- 04 Sep 2012
- Working Paper
Level II Negotiations: Helping the Other Side Meet Its ‘Behind the Table’ Challenges
Executive Summary — Many situations make it important to productively synchronize "internal" with "external" negotiations. In fact, much research to date has focused on how each side can best manage its internal opposition to agreements negotiated "at the table." Often implicit in this research is the view that each side's leadership is best positioned to manage its own internal conflicts. Traditionally, a negotiator does this by 1) pressing for deal terms that will meet its internal objections, and 2) effectively "selling" the agreement to its key constituencies. However, James Sebenius argues that to achieve your own goals in negotiation it is also vital to understand all the ways in which you can help the other side with the its "behind-the-table" barriers (and vice versa). Independent of any altruistic motives, helping them to solve "their internal negotiation problem" is often the best way to get them to say yes to an agreement that is in your interest. To do this, negotiators should explicitly probe the full set of the other party's interests including the other side's interest in dealing effectively with its internal, behind-the-table challenges and conflicts. This requires you to deeply probe the context in which they are enmeshed: the web of favorable and opposing constituencies as well as their relationships, perceptions, sensitivities, and substantive interests. By way of a number of challenging case examples, this paper details a number of ways to develop this fuller understanding and to act effectively on it. Key concepts include:
- Each side can help the other side with its internal conflicts.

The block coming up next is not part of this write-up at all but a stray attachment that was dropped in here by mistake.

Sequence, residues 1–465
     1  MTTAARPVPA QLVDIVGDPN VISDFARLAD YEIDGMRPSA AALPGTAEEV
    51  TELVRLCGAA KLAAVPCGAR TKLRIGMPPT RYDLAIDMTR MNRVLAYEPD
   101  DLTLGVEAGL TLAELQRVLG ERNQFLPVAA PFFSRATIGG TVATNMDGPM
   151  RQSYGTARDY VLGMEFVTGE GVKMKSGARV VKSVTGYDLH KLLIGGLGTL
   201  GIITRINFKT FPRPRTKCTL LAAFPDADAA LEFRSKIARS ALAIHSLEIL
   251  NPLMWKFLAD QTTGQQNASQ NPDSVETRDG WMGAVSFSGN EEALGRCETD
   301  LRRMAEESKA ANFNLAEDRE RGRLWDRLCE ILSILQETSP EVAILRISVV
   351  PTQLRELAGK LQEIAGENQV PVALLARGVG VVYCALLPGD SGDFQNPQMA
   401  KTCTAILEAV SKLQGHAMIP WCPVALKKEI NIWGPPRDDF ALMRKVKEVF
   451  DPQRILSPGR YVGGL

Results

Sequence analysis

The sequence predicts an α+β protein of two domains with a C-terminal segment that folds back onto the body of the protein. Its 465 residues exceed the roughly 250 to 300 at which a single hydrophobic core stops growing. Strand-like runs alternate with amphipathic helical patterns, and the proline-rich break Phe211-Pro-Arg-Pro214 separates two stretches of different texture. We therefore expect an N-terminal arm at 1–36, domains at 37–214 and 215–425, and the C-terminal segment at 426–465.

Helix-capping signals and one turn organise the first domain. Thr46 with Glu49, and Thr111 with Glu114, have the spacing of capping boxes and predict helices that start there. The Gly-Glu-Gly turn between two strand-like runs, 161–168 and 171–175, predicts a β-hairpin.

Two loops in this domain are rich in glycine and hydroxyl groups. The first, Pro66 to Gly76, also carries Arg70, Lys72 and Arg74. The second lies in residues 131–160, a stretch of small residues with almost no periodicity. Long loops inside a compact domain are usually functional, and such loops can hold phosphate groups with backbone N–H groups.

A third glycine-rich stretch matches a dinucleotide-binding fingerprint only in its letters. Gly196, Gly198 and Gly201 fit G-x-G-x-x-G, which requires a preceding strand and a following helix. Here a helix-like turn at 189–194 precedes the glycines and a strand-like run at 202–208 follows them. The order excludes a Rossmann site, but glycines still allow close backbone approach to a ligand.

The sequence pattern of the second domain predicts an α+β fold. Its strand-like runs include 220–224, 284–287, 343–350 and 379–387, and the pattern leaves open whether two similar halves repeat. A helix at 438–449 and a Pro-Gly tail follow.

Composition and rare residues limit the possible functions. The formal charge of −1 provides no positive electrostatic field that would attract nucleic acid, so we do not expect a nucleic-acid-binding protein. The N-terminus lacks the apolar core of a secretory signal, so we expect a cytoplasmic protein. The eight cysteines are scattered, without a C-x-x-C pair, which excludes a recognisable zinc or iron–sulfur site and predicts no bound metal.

- One side can help the other side by, for example, the form of the negotiating process (to send a useful signal to constituencies); by avoiding (or making) statements that inflame (or mollify) the other side's internal opponents; by constructive actions at the bargaining table informed by knowledge of the other side's internal conflicts; by acting to directly affect the other side's internal situation; and so on.
- The term "Level II" comes from Robert Putnam (1988), who developed the concept of "two level games" in the context of diplomacy and domestic politics. In Putnam's conception, "Level I" games focus on traditional diplomatic agreements, while "Level II" games focus on the formal or informal domestic ratification of such agreements.
- Sebenius extends the meaning beyond diplomacy to focus on Level II domestic constituencies or other internal factions-whether in the public or private spheres-that can support or block "across the table" agreements.
- Level II factions frequently act on behalf of small but influential minority interests.
A long analytic tradition explores the challenge of productively synchronizing "internal" with "external" negotiations, especially focusing on how each side can best manage internal opposition to agreements negotiated "at the table." Implicit in much of this work is the view that each side's leadership is best positioned to manage its own internal conflicts, often 1) by pressing for deal terms that will meet internal objections, and 2) by effectively "selling" the agreement to key constituencies. Far less familiar territory involves how each side can help the other side with the other's "behind-the-table" barriers to successful agreement. Following Robert Putnam's (1988) two-level games schema, I characterize such "behind the table," or "Level II," barriers more broadly, offer several innovative examples of how each side can help the other overcome them, and develop more general advice on doing so most effectively. As a fuller illustration of a Level II negotiator helping the other side with its formidable behind-the-table challenges, I pay special attention to the end-of-Cold-War negotiations over German reunification in which former U.S. Secretary of State, James Baker, played a key role.